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Hoeven, VA director host roundtable to discuss veteran health-care concerns

Press Photo by Nadya Faulx Sen. John Hoeven, R-N.D., right, speaks with Fargo Veterans Affairs Director Lavonne Liversage speak at a roundtable hosted at the Stark County Courthouse Monday. Local veterans, veterans service officers and health care providers from both the VA and private sectors gathered to discuss concerns and possible legislation that could reform the way the VA administers health care.

A key piece of federal legislation expected to pass in the next several weeks could ease some of the red tape around local Veterans Affairs clinics and private providers of medical services for veterans.

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Sen. John Hoeven, R-N.D., held a roundtable in Dickinson on Monday to discuss the Veterans’ Access to Care Through Choice, Accountability and Transparency Act of 2014 with Fargo VA Director Lavonne Liversage, veterans service officers from multiple counties, representatives from local Community-Based Outpatient Clinics and a number of area veterans.

The visit was a chance for Hoeven and Liversage to listen to the concerns of the VSOs and veterans who have had to negotiate veteran health care services. For rural North Dakota veterans, particularly in the western side of the state, Hoeven said issues are primarily of distance, not of access.

“What we’re trying to do is figure out how, where it makes sense, we can get services closer to home,” he said. “How can we help the vets get both timely service, quality service and not having to go on long trips to get it.”

The bipartisan legislation was introduced by Republican Sen. John McCain and Democratic Sen. Bernie Sanders, and co-sponsored by 44 other senators, including Hoeven. It passed through Senate earlier this month with a 93-3 vote. A similar bill passed through the House last year, and the two bills will have to be combined by a special conference committee made up of House and Senate members.

If passed, the legislation will work to allow veterans to go to local private providers like Sanford Health and St. Alexius Medical centers if they cannot schedule an appointment with the VA within 14 days, or if they live further than 40 miles away from the Fargo VA health center or a local satellite health clinic. There are seven satellite clinics across the state with an eighth expected to open in Devils Lake later this year.

The legislation could add 26 new VA health centers across the country and help the VA ensure veterans know what options are available to them and are able to get care in a timely manner. It’ll also allow the VA to fire employees who aren’t following through.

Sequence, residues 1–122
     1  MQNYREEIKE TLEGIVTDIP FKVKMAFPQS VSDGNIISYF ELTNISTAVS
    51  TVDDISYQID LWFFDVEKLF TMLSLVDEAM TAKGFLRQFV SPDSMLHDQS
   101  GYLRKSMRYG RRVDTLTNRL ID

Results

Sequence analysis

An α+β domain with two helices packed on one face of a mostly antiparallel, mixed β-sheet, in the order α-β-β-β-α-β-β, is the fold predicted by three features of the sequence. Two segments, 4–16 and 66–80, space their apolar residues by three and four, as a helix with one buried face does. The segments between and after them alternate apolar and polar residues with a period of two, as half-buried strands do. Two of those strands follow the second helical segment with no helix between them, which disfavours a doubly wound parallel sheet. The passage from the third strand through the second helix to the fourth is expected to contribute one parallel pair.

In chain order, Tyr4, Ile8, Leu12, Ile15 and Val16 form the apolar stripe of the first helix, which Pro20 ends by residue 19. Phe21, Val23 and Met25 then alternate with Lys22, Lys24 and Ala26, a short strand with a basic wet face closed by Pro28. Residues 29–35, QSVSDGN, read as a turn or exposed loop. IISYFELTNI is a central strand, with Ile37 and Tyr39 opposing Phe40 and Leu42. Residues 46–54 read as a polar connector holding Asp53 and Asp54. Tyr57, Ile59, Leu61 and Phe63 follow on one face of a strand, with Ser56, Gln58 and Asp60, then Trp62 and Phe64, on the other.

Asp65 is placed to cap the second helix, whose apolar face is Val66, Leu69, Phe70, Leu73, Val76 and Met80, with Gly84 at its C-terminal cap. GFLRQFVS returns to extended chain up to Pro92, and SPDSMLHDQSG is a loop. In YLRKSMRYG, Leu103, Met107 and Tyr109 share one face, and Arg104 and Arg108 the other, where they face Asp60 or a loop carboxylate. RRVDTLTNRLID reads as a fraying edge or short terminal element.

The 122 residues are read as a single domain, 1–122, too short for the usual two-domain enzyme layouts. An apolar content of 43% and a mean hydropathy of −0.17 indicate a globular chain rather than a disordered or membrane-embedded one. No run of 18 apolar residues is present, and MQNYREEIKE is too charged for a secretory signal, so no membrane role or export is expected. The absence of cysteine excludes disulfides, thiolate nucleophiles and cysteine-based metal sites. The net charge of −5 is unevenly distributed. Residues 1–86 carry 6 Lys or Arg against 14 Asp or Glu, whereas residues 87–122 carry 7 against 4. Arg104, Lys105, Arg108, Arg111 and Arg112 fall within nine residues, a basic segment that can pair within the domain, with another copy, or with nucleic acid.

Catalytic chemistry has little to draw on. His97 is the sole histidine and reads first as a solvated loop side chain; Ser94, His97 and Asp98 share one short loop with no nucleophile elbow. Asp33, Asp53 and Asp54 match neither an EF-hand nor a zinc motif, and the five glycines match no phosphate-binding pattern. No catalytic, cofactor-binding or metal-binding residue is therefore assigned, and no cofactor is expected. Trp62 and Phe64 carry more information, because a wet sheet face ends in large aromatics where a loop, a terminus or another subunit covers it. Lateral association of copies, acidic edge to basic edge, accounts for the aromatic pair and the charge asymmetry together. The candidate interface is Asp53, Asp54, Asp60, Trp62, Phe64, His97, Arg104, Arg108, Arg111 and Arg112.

Liversage said the negative press surrounding the recent VA scandal, in which unknown numbers of veterans may have died waiting for medical care, has affected her staff, but that when it comes to access, “in general, Fargo is doing very, very well.”

A recent access audit of the VA system found that 97 percent of appointments scheduled through Fargo were scheduled within 30 days; none were scheduled past 90 days.

However, the veteran health care system in North Dakota is tasked with a unique problem of an influx of transient veterans — those who come to work in western North Dakota’s Oil Patch from other states but may not claim residency there — enrolling in the Fargo VA system for the first time.

Jessica Clifton, Stark County’s assistant veterans service officer, said she has had around 20 new veterans come to the community.

“So that’s 20 new veterans that need a first-time physical,” she said.

“We are very busy,” said Lana Wanner, a nurse at the Dickinson VA clinic. “Very, very, very busy.”

Hoeven said the legislation would ease the “bottleneck” that forms when demand for services outpaces supply by making it easier for veterans to get care from private providers — without leaving the veteran stuck in the middle with the VA and the private sector haggling over who pays.

Throughout the system, “there seems to be a lot of red tape,” said Stark County Commissioner Duane Wolf, a veteran himself.

“That’s what’s frustrating to so many of these people. That’s the biggest thing that we need to try to change.”

Liversage said after the meeting that she is eager to see what legislation is passed.

The roundtable was “a good opportunity for me to hear from vets in the Dickinson area,” she said. “We’ve already done so much work, and clearly there’s more work to be done.”

Hoeven expressed confidence that the bipartisan legislation will pass, though no timeline or vote has been set yet.

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